Southern stingrays, Dasyatis americana, have been provided supplemental food in ecotourism operations at Stingray City Sandbar (SCS), Grand Cayman since 1986, with this site becoming one of the world’s most famous and heavily visited marine wildlife interaction venues. Given expansion of marine wildlife interactive tourism worldwide, there are questions about the effects of such activities on the focal species and their ecosystems. We used a combination of acoustic telemetry and tag-recapture efforts to test the hypothesis that human-sourced supplemental feeding has altered stingray activity patterns and habitat use at SCS relative to wild animals at control sites. Secondarily, we also qualitatively estimated the population size of stingrays supporting this major ecotourism venue. Tag-recapture data indicated that a population of at least 164 stingrays, over 80% female, utilized the small area at SCS for prolonged periods of time. Examination of comparative movements of mature female stingrays at SCS and control sites revealed strong differences between the two groups: The fed animals demonstrated a notable inversion of diel activity, being constantly active during the day with little movement at night compared to the nocturnally active wild stingrays; The fed stingrays utilized significantly (p<0.05) smaller 24 hour activity spaces compared to wild conspecifics, staying in close proximity to the ecotourism site; Fed stingrays showed a high degree of overlap in their core activity spaces compared to wild stingrays which were largely solitary in the spaces utilized (72% vs. 3% overlap respectively). Supplemental feeding has strikingly altered movement behavior and spatial distribution of the stingrays, and generated an atypically high density of animals at SCS which could have downstream fitness costs for individuals and potentially broader ecosystem effects. These findings should help environmental managers plan mitigating measures for existing operations, and develop precautionary policies regarding proposed feeding sites.
The discipline of sustainability science has emerged in response to concerns of natural and social scientists, policymakers, and lay people about whether the Earth can continue to support human population growth and economic prosperity. Yet, sustainability science has developed largely independently from and with little reference to key ecological principles that govern life on Earth. A macroecological perspective highlights three principles that should be integral to sustainability science: 1) physical conservation laws govern the flows of energy and materials between human systems and the environment, 2) smaller systems are connected by these flows to larger systems in which they are embedded, and 3) global constraints ultimately limit flows at smaller scales. Over the past few decades, decreasing per capita rates of consumption of petroleum, phosphate, agricultural land, fresh water, fish, and wood indicate that the growing human population has surpassed the capacity of the Earth to supply enough of these essential resources to sustain even the current population and level of socioeconomic development.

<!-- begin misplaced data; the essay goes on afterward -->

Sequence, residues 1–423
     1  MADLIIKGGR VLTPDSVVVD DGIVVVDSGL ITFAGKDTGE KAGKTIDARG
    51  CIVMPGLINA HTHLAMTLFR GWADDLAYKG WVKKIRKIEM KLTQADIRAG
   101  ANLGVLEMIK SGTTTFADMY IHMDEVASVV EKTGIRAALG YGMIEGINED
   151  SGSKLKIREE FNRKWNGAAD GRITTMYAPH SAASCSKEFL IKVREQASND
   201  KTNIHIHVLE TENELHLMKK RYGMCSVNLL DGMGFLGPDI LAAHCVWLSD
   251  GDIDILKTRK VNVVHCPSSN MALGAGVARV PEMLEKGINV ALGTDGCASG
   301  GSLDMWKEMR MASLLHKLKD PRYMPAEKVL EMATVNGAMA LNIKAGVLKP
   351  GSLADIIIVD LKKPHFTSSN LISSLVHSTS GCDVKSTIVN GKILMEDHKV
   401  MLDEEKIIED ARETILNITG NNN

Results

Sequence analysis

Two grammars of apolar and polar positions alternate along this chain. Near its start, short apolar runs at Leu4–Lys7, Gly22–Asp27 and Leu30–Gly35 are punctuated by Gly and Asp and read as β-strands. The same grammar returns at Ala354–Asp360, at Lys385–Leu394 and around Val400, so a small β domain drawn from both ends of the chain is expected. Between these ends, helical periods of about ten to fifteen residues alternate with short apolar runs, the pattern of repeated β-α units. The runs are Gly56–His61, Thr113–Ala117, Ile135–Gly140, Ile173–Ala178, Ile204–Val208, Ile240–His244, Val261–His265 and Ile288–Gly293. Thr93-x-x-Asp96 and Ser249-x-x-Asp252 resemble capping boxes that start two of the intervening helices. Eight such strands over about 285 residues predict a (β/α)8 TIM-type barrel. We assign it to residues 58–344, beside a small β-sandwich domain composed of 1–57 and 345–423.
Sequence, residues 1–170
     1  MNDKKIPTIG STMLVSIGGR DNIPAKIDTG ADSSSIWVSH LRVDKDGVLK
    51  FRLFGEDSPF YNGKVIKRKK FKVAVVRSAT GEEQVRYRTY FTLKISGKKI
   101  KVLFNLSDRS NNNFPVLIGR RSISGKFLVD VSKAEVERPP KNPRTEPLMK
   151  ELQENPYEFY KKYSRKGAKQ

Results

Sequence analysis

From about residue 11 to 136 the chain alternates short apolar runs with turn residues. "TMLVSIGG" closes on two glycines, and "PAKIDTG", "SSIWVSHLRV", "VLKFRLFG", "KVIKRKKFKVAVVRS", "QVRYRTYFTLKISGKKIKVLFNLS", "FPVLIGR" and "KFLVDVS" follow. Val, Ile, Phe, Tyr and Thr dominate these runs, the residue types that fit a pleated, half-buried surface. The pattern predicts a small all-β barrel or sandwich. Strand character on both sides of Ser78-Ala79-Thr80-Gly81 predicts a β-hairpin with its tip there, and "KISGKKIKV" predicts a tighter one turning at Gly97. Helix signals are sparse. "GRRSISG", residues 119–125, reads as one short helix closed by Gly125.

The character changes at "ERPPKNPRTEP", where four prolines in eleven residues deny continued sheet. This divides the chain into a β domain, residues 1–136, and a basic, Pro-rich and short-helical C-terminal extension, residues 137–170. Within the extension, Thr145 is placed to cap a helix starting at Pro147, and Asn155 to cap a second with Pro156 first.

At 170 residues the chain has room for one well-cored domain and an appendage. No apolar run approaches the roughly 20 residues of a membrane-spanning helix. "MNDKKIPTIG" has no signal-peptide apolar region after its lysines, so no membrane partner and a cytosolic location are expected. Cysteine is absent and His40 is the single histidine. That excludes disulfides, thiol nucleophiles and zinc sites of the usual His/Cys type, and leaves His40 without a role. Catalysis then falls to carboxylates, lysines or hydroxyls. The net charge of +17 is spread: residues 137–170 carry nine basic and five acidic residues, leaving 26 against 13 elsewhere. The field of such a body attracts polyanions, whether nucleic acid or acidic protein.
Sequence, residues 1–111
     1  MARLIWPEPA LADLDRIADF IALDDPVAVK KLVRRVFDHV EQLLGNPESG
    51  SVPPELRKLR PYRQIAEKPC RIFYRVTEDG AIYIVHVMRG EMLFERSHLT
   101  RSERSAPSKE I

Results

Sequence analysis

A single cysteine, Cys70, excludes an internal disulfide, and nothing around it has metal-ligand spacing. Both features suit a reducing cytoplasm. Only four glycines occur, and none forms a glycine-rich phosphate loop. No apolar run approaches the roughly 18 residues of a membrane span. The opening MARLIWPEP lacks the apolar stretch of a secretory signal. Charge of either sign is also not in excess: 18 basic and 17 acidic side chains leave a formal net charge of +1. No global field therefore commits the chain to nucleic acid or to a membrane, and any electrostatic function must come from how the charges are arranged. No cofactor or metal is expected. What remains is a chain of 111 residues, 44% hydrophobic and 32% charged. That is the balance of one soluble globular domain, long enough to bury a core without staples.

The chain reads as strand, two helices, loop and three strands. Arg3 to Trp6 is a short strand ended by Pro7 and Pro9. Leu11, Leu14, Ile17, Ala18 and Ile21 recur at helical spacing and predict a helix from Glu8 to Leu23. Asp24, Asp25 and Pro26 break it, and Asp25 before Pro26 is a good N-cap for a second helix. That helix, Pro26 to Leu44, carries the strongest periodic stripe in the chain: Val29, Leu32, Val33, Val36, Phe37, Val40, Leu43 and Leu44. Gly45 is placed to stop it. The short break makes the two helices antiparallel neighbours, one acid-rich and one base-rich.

BACKGROUND: The burden of ill-health due to inactivity has recently been highlighted. Better studies on environments that support physical activity are called for, including longitudinal studies of environmental interventions. A programme of residential street improvements in the UK (Sustrans ‘DIY Streets’) allowed a rare opportunity for a prospective, longitudinal study of the effect of such changes on older adults' activities, health and quality of life. METHODS: Pre-post, cross-sectional surveys were carried out in locations across England, Wales and Scotland; participants were aged 65+ living in intervention or comparison streets. A questionnaire covered health and quality of life, frequency of outdoor trips, time outdoors in different activities and a 38-item scale on neighbourhood open space. A cohort study explored changes in self-report activity and well-being postintervention. Activity levels were also measured by accelerometer and accompanying diary records. RESULTS: The cross-sectional surveys showed outdoor activity predicted by having a clean, nuisance-free local park, attractive, barrier-free routes to it and other natural environments nearby. Being able to park one’s car outside the house also predicted time outdoors. The environmental changes had an impact on perceptions of street walkability and safety at night, but not on overall activity levels, health or quality of life. Participants' moderate-to-vigorous activity levels rarely met UK health recommendations. CONCLUSIONS: Our study contributes to methodology in a longitudinal, pre-post design and points to factors in the built environment that support active ageing. We include an example of knowledge exchange guidance on age-friendly built environments for policy-makers and planners.